Toxins (and other poisons) is a new collection of short stories by Silvia Romano, all with the same common denominator: a man with a hat and a turquoise scarf, and a merciless, inescapable feeling of being trapped.
The main characters, starting from a realistic condition, find themselves in situations that slowly begin to disconnect from reality, and become disturbing and weird, putting them in a condition of (sometimes dark, sometimes lighter and ironic) uneasiness.
Toxins (and other poisons), which will be published by Wrecking Ball Press on 21 June, 2021, is an overall story of glitches in the system, of individuals floating in a sea of social and technological stimuli, trying their best to fit in, yet failing because defecting of the skills that allow them to be suited to their world.
Silvia Romano was born in 1992 in winter, a season universally associated with quiescence, the harshness of nature, mud, murk, and sadness in general. Somehow she had to defend herself. She writes both in English and Italian. We caught up with Silvia to find out more about the collection, her writing process and the man with a hat and a turquoise scarf.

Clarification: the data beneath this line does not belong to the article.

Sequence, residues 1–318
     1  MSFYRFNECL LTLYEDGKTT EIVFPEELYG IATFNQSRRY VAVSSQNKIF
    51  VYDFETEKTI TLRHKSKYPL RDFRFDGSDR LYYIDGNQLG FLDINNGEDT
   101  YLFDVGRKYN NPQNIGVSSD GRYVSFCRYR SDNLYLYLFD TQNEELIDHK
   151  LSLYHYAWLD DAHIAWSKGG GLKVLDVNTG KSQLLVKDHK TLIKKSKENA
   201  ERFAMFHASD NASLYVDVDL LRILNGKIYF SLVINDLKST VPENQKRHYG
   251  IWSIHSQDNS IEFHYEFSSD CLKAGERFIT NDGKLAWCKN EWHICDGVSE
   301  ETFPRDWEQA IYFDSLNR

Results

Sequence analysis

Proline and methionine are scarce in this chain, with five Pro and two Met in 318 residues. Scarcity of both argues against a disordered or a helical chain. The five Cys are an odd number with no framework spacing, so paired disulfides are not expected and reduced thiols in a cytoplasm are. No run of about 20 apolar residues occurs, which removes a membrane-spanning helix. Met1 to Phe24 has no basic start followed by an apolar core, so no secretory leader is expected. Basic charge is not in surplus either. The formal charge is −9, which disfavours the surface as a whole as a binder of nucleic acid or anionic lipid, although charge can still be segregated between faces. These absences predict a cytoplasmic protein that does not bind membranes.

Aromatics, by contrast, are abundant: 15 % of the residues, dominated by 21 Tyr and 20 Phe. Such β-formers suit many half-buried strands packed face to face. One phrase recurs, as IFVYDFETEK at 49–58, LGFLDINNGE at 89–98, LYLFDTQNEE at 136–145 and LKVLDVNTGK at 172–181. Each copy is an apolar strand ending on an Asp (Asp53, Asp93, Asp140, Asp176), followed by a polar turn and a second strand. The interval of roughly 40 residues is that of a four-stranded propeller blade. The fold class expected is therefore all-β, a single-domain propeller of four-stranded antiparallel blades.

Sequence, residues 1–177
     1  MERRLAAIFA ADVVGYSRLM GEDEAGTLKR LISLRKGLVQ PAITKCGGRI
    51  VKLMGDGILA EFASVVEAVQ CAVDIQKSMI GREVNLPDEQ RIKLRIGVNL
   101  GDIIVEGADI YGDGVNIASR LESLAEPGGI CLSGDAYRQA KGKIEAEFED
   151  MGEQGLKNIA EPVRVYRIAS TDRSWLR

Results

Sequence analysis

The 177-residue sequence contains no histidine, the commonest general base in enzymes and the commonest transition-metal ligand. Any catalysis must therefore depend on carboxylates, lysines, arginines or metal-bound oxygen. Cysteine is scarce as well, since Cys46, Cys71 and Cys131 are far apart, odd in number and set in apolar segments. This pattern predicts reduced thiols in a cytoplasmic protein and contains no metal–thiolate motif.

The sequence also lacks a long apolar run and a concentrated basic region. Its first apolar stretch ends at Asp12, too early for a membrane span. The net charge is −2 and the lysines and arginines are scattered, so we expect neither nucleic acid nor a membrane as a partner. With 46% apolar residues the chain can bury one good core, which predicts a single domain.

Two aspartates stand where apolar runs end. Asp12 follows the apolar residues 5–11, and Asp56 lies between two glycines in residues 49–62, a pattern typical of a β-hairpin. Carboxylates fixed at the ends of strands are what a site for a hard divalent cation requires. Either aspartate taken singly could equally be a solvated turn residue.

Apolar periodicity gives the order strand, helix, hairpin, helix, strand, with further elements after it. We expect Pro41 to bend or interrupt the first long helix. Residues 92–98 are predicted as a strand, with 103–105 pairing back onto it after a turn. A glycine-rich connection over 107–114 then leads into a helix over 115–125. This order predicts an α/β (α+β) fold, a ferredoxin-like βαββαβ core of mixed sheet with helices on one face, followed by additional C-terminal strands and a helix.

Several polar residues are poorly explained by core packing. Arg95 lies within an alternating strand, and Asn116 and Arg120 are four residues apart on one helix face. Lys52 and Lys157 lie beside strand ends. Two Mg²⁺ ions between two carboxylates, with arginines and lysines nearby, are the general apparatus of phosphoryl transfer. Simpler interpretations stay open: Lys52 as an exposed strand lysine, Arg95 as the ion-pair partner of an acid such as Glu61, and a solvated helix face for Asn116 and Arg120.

How would you describe this collection of short stories?
I think that part of the answer to this question lies in the book description on the Wrecking Ball website. I would just like to add that the title embodies the rest of it: they are tales of pollution, in its daily form, with the load of waste that comes with them.
When did you start writing these stories and how long did the collection take to come together?
I started writing the stories about two years ago, throughout 2019. Then everything came together in a whole package in early 2020.